The Autocrat of the Breakfast-Table
(1858) is a collection of essays written by Oliver Wendell Holmes, Sr.
The essays were originally published in The Atlantic Monthly
in 1857 and 1858 before being collected in book form. The author had written two essays with the same name which were published in the earlier The New-England Magazine
in November 1831 and February 1832, which are alluded to in a mention of an "interruption" at the start of the very first essay.
The essays take the form of a chiefly one-sided dialogue between the unnamed Author and the other residents of a New England boarding house
who are known only by their profession, location at the table or other defining characteristics. The topics discussed range from an essay on the unexpected benefits of old age to the finest place to site a dwelling and comments on the nature of conversation itself. The tone of the book is distinctly Yankee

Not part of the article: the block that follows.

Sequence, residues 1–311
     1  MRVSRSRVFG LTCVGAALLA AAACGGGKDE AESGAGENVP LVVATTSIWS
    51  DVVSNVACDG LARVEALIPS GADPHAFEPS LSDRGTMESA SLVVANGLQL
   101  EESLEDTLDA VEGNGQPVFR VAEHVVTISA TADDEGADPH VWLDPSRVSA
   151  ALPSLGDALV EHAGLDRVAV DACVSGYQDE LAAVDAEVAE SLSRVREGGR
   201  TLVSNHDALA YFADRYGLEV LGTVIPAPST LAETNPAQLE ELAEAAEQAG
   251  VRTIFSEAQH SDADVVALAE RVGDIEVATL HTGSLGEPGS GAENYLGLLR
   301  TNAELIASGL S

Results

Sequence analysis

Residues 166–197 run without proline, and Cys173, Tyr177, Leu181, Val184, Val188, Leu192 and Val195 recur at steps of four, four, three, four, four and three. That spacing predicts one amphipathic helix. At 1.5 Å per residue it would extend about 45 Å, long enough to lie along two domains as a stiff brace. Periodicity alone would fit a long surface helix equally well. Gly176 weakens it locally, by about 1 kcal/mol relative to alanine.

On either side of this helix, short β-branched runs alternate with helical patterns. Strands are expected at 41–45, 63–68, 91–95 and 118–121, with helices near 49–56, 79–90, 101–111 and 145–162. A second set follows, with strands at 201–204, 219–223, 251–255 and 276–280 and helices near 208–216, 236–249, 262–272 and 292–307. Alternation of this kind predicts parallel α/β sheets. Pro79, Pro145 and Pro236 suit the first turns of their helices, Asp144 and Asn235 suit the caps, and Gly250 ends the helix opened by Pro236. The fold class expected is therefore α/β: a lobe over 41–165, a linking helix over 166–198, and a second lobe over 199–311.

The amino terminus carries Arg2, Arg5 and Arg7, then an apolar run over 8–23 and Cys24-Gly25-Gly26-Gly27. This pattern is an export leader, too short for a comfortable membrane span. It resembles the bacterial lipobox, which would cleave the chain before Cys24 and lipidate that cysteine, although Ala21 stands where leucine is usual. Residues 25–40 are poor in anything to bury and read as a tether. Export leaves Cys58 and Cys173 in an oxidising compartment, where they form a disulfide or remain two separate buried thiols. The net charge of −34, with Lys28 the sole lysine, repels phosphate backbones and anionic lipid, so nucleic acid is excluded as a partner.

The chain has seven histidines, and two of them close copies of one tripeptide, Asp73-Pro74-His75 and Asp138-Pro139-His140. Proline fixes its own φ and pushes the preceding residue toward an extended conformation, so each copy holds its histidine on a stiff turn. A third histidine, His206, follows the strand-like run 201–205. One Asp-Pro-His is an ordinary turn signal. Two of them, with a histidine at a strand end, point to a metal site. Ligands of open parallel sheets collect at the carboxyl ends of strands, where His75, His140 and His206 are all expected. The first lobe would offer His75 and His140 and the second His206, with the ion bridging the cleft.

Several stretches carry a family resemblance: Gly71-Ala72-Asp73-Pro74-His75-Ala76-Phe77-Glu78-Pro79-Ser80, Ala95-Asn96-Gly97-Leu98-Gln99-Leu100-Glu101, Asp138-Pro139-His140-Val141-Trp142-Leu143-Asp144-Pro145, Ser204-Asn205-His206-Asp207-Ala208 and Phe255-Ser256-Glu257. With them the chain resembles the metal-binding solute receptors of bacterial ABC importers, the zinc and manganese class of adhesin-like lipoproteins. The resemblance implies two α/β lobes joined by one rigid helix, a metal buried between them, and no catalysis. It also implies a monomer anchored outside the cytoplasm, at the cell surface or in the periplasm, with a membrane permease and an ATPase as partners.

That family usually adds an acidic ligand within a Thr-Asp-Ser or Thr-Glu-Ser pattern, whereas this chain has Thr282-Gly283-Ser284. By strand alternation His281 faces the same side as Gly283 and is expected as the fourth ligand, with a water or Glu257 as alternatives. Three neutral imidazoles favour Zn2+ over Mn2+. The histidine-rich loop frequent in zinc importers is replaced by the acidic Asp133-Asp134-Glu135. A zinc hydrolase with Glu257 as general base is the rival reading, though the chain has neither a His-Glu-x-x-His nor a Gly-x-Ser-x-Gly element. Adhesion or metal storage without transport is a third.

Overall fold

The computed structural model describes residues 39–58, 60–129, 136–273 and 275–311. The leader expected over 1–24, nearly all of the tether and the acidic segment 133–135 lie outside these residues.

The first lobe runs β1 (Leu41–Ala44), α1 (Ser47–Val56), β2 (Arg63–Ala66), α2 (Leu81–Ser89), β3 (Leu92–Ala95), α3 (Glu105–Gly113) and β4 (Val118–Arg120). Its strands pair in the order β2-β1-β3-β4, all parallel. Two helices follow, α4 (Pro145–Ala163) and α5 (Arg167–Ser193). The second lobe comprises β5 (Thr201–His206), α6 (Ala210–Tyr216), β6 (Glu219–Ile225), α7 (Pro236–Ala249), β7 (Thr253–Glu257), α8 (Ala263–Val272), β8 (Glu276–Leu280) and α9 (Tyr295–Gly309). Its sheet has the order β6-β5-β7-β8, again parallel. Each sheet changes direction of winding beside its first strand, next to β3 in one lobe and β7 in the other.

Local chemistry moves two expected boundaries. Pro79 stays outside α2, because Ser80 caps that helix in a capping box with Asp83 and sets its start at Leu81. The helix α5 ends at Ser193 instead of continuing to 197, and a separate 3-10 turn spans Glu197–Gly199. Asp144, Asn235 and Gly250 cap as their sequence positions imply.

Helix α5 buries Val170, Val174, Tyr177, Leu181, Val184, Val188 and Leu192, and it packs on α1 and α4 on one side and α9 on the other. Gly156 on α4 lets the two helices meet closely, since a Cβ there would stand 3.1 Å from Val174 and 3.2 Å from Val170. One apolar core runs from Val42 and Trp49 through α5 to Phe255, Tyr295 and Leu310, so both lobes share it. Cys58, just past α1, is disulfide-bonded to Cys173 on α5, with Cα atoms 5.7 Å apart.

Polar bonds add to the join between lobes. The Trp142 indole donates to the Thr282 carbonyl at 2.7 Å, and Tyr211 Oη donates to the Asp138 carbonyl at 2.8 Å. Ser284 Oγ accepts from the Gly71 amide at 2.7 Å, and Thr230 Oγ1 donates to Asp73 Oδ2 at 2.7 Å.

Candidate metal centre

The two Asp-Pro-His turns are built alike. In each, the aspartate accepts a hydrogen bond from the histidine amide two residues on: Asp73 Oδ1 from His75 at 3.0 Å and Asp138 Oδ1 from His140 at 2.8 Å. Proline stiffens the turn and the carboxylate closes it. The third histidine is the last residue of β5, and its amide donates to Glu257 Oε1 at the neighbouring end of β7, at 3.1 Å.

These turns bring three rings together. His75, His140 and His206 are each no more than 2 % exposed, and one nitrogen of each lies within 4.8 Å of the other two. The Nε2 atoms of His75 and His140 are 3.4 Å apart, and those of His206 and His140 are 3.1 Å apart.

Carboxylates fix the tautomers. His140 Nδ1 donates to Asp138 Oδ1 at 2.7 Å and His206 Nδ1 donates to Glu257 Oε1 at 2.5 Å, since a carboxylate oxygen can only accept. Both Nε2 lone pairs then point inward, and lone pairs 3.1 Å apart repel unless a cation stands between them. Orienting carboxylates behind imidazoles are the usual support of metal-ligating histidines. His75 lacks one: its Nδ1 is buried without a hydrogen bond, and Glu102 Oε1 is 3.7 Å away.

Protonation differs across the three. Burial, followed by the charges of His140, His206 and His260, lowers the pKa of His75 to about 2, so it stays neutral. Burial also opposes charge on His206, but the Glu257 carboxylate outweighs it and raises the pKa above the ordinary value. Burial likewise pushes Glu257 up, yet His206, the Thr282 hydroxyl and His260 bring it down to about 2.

and takes a seriocomic
approach to the subject matter.
As befits Holmes' reputation as one of America's finest poets, each essay typically ends with a poem on the theme of the essay. There are also poems ostensibly written by the fictional disputants scattered throughout.
In 1830, Holmes moved out of his childhood home in Cambridge, Massachusetts
and stayed in a boardinghouse in Boston while attending the city's medical college.Hoyt, Edwin Palmer. The Improper Bostonian: Dr. Oliver Wendell Holmes
. New York: Morrow, 1979: 47.... Read More